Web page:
24 March 2009

Practical Optimism

In the interests of practical optimism, here are a few suggestions on coping with economic crisis, environmental stresses, and water shortages:
  • Remember the big picture: your health, your family and friends, and all the other luxuries of life.

  • The environment is still pretty amazing and beautiful -- get out to enjoy a sunset, a swim or walk and appreciate that you have the freedom to enjoy that beauty.

  • We are NOT running out of water. Although water policies may be "wrong" in this way or that, most of us are lucky enough to have wonderful water available at our taps, for very low prices. Drinking water will ALWAYS be affordable to people in developed countries, and people in developing countries can get good water for a few cents/day (via chlorine treatment).

  • It may be difficult for businesses, farmers and fish to accept the current policy mess. All want the same thing (a much water as they got in some "perfect" past), but that past is no more. Get over that fact and prepare to adjust. (Also remember that it could be worse!)

  • Take all these feelings into consideration when negotiating or contemplating the positions of those who want "your" water. They see you as the same kind of "problem" in the way of what they want. Ok, fine. Now accept that neither of you are right and negotiate a compromise -- hopefully through markets.
Bottom Line: You can't always get what you want, but you can enjoy what you get.

5 comments:

Four Mound Farm said...

Since no news is good news these days, we have instituted some new policies regarding listening or watching the news...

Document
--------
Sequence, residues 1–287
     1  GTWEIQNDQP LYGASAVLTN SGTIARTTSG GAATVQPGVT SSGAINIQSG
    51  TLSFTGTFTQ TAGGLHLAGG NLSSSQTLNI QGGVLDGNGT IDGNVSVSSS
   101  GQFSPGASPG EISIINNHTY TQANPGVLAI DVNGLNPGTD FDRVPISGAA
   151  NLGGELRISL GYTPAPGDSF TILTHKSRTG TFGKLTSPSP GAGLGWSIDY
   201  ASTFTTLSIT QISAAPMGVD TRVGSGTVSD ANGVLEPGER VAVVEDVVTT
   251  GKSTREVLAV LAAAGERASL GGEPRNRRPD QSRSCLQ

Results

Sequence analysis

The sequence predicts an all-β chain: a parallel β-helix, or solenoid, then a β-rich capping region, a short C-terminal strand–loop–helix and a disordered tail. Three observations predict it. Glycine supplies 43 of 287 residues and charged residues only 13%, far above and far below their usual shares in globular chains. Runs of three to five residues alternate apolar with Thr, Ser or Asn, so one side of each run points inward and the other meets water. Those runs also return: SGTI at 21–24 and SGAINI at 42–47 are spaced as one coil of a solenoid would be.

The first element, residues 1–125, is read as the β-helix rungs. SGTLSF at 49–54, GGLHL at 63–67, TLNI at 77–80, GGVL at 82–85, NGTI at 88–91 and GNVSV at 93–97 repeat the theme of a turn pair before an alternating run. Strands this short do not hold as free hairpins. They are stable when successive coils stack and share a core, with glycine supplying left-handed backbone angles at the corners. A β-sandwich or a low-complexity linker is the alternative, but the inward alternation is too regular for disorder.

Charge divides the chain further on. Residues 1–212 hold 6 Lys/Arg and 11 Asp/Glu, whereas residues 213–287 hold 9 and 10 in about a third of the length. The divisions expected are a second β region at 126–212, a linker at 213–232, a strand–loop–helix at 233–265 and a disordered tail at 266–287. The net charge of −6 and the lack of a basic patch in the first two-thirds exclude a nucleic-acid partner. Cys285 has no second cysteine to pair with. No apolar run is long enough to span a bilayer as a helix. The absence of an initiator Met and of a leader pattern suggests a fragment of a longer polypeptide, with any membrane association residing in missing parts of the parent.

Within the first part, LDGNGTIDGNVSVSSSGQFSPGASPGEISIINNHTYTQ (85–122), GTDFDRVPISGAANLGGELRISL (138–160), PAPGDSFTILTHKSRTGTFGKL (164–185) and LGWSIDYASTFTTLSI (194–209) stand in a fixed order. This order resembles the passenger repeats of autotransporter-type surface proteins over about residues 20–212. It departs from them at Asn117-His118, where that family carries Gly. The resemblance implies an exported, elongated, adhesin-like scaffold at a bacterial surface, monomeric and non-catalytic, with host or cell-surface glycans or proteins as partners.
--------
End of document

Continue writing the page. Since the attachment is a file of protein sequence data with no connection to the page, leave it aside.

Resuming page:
Don't ever listen to Marketplace on Fridays...

If NPR is fixated on bad news and moaning and groaning about "the fall without a bottom", play music instead of listening to the radio. If you still feel depressed, turn it up really loud.

If the News Hour and Wall Street Week are all doom and gloom, watch a DVD of our favorite Dead Show or go outside and let the dog run free in the pasture.

If that doesn't work, now that spring is here go camping and catch giant rainbow trout. Coat liberally with Krusteaz mix and eat them! Mmmmmm! Don't think about the BLM damming up Hawk Creek for a water storage project and ruining yet another fishery on the Columbia River drainage.

If our perceptions are a filter, we need to make ours more selective and not be overly influenced by the barrage bad news.

Anonymous said...

A few years ago I heard of a book called "The Good News Is That The Bad News Is Wrong." I think that much of the "bad news" is nothing more than opinion being called news. I am an optimist and, although not always successful, I try not to worry about things out of my control, which is most of what passes as "bad news."

Fred Hanson said...

I like your Bottom Line!

EC Jones said...

Re: bullet point #3 and people in developing countries. Can you tell us why folks like those over at World Water Day (http://www.worldwaterday.net/index.cfm?objectid=E38C787B-F1F6-6035-B9D8092D300B7548)
don't agree with you?

David Zetland said...

@EC -- I'll post more on your link soon, but the short answer is that there is a big industry interested in "crisis" and that governments (in developed and developing) have much to do with creating/sustaining it.